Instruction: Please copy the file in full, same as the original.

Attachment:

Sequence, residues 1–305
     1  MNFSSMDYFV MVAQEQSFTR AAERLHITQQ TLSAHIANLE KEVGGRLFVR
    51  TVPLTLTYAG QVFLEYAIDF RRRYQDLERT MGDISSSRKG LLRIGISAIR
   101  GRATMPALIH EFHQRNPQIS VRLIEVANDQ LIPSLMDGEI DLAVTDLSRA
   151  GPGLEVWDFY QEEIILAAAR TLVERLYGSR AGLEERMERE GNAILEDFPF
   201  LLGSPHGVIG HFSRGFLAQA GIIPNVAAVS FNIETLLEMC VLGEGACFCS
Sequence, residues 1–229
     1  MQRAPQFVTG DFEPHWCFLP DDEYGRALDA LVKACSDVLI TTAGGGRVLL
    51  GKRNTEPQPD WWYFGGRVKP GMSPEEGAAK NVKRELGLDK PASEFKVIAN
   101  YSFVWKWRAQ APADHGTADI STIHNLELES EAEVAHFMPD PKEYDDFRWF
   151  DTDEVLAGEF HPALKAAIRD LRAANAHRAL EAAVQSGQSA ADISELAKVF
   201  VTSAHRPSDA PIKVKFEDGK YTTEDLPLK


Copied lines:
Sequence, residues 1–305
     1  MNFSSMDYFV MVAQEQSFTR AAERLHITQQ TLSAHIANLE KEVGGRLFVR
    51  TVPLTLTYAG QVFLEYAIDF RRRYQDLERT MGDISSSRKG LLRIGISAIR
   101  GRATMPALIH EFHQRNPQIS VRLIEVANDQ LIPSLMDGEI DLAVTDLSRA
   151  GPGLEVWDFY QEEIILAAAR TLVERLYGSR AGLEERMERE GNAILEDFPF
   201  LLGSPHGVIG HFSRGFLAQA GIIPNVAAVS FNIETLLEMC VLGEGACFCS
Sequence, residues 1–229
     1  MQRAPQFVTG DFEPHWCFLP DDEYGRALDA LVKACSDVLI TTAGGGRVLL
    51  GKRNTEPQPD WWYFGGRVKP GMSPEEGAAK NVKRELGLDK PASEFKVIAN
   101  YSFVWKWRAQ APADHGTADI STIHNLELES EAEVAHFMPD PKEYDDFRWF
   151  DTDEVLAGEF HPALKAAIRD LRAANAHRAL EAAVQSGQSA ADISELAKVF
   201  VTSAHRPSDA PIKVKFEDGK YTTEDLPLK